Federal LIBOR Transition Legislation: “Adjustable Interest Rate (LIBOR) Act” Is Enacted to Provide a Uniform, National Solution for “Tough Legacy” Contracts

Sullivan & Cromwell LLP - March 17, 2022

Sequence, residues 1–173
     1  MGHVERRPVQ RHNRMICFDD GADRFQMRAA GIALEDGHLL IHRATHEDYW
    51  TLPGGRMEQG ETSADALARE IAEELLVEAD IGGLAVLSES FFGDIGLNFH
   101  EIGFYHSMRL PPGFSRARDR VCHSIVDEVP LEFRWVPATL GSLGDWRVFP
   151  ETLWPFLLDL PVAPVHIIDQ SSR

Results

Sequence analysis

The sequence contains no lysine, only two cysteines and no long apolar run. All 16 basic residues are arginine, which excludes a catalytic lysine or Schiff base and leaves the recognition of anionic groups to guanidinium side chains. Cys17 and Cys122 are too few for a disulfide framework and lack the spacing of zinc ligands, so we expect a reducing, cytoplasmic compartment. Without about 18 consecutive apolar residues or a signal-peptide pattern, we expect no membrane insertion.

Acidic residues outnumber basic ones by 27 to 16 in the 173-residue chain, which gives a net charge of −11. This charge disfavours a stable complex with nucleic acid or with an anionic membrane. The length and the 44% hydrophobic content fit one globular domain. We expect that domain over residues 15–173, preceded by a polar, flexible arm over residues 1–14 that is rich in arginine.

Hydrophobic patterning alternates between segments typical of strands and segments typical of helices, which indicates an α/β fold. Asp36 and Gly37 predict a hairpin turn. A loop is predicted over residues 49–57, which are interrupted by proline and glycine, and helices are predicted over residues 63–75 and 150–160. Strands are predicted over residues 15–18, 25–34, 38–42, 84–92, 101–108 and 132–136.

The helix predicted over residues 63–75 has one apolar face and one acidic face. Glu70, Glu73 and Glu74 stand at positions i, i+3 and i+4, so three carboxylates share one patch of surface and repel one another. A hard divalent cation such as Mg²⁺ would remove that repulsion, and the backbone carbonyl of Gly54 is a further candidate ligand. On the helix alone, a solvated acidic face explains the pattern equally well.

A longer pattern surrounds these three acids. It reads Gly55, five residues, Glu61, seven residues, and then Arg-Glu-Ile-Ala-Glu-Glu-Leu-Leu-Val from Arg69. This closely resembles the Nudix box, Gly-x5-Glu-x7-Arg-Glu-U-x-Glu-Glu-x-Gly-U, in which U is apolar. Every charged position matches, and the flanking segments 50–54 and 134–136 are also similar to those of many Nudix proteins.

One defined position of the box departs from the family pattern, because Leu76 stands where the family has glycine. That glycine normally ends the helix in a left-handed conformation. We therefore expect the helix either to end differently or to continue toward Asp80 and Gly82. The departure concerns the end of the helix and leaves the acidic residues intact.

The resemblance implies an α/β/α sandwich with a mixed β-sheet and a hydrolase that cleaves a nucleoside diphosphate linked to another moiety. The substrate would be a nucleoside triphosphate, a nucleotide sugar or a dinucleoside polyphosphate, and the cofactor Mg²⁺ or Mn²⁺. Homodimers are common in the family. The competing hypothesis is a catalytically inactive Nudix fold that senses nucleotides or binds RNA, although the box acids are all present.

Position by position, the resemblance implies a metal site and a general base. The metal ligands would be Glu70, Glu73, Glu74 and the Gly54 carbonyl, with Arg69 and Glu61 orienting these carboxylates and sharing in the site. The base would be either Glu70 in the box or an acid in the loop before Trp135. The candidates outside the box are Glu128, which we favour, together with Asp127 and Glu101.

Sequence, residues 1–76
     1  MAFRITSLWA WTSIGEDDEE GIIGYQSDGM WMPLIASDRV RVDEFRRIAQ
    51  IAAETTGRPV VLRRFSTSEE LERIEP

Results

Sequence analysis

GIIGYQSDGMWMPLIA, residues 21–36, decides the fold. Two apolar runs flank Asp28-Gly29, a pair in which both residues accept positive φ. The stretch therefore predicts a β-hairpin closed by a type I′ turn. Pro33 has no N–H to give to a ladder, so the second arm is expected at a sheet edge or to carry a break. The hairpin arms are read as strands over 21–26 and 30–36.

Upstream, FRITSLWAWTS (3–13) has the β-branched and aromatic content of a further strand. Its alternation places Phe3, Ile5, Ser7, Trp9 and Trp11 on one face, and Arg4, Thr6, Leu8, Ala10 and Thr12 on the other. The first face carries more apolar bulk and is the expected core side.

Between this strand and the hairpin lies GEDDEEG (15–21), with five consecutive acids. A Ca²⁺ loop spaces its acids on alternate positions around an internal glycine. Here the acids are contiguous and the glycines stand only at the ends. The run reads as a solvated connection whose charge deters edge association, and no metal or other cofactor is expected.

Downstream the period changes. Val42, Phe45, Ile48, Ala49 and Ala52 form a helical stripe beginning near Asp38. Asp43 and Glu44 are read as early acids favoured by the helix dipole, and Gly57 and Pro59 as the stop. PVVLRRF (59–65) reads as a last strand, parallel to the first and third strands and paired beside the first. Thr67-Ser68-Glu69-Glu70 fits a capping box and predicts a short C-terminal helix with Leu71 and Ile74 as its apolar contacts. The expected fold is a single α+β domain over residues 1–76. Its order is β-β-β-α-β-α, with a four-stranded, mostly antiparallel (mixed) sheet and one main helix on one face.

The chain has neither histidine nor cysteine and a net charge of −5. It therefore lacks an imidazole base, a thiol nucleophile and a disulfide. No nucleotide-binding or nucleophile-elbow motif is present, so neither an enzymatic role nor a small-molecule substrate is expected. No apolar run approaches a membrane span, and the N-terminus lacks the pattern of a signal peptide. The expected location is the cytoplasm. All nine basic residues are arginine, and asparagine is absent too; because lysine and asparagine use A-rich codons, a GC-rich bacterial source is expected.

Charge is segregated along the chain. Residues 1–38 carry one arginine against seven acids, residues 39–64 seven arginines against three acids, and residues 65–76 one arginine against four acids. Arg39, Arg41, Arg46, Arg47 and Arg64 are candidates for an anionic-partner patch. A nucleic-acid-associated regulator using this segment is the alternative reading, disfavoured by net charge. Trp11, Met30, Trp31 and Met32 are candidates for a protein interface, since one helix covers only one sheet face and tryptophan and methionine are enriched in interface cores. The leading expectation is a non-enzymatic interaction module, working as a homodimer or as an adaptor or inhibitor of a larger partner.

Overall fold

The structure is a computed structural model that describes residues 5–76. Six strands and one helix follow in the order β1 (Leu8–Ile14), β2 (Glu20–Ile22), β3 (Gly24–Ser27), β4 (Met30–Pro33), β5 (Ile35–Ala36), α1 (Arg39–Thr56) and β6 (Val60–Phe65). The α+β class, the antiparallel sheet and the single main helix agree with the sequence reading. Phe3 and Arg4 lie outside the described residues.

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On March 15, 2022, President Biden signed into law the “Consolidated Appropriations Act, 2022,” which enjoyed significant bipartisan support and contains, as Division U, the “Adjustable Interest Rate (LIBOR) Act” (the “LIBOR Act”).  The LIBOR Act provides a uniform national approach for replacing U.S. dollar LIBOR (“LIBOR”) as a reference interest rate in so-called “tough legacy” contracts (contracts that do not include effective fallback provisions, for example, because they have no provisions for a replacement benchmark or their fallback provisions would require the use of a LIBOR-based rate or a poll to determine a rate) for a time when LIBOR is no longer published or is no longer representative.  Under the LIBOR Act, references to the most common tenors of LIBOR (the overnight, one-month, three-month, six-month and 12-month tenors) in these contracts will be replaced as a matter of law, without the need to be amended, to instead reference a benchmark interest rate that will be identified in regulations of the Board of Governors of the Federal Reserve System (the “Federal Reserve”).  The Federal Reserve must promulgate these regulations by September 11, 2022, the date that is 180 days after the statute’s enactment.  Any Federal Reserve-identified replacement benchmark will be based on the Secured Overnight Financing Rate (“SOFR”), a rate published by the Federal Reserve Bank of New York, and will include an appropriate “tenor spread adjustment” to reflect historical spreads between LIBOR and SOFR.  The statute also provides a “safe harbor,” under which a party that has discretion to select a replacement for LIBOR may choose to adopt the replacement benchmark identified by the Federal Reserve.

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